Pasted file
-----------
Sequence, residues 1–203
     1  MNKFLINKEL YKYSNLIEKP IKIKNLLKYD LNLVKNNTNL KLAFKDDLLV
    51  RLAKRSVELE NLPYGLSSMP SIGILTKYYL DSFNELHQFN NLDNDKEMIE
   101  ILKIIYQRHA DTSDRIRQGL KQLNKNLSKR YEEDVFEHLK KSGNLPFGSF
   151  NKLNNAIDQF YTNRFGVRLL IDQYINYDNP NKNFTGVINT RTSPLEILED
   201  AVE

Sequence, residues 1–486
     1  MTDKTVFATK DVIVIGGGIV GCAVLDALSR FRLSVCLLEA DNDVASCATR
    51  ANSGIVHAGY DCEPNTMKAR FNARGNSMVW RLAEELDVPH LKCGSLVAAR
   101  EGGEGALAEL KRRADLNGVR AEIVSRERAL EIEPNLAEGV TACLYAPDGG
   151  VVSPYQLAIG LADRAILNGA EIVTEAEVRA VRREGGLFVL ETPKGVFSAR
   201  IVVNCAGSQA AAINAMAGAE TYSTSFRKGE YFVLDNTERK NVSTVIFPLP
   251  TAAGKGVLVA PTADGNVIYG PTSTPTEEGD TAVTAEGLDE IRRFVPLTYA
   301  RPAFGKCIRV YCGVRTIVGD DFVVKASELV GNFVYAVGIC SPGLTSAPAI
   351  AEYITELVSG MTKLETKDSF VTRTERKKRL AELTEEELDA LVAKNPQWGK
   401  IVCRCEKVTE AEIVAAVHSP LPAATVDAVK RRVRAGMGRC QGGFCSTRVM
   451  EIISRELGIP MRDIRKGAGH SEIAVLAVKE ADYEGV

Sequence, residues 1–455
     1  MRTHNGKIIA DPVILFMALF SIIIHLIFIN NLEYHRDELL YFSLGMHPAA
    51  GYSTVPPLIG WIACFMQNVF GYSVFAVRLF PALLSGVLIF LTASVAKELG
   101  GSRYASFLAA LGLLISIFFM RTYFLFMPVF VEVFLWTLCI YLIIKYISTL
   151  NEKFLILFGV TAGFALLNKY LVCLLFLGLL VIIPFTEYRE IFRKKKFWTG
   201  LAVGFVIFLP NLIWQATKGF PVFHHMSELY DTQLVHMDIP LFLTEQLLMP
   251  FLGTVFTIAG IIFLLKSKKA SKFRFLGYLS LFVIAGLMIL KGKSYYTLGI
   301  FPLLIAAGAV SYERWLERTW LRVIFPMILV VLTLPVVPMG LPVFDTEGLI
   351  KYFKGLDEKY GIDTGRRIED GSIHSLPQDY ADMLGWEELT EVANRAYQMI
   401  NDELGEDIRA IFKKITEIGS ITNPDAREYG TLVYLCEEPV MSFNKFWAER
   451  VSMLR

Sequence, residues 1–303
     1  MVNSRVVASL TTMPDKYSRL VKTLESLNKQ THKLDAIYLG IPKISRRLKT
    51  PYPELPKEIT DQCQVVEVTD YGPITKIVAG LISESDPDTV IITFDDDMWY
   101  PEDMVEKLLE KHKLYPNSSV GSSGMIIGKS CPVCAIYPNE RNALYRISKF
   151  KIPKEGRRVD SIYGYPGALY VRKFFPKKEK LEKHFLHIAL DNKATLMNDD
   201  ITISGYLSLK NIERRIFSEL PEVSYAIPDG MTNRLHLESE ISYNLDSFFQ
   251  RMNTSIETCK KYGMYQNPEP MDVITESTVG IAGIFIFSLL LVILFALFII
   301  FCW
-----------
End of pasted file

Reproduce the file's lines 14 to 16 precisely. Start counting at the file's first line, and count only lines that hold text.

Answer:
   301  RPAFGKCIRV YCGVRTIVGD DFVVKASELV GNFVYAVGIC SPGLTSAPAI
   351  AEYITELVSG MTKLETKDSF VTRTERKKRL AELTEEELDA LVAKNPQWGK
   401  IVCRCEKVTE AEIVAAVHSP LPAATVDAVK RRVRAGMGRC QGGFCSTRVM